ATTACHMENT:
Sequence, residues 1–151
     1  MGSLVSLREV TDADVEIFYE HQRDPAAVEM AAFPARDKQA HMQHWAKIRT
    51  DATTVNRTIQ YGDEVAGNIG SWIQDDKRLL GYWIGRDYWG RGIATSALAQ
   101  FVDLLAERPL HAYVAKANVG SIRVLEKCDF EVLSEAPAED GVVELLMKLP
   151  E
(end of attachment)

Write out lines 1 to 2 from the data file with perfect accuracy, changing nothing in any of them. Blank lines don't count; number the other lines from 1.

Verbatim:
Sequence, residues 1–151
     1  MGSLVSLREV TDADVEIFYE HQRDPAAVEM AAFPARDKQA HMQHWAKIRT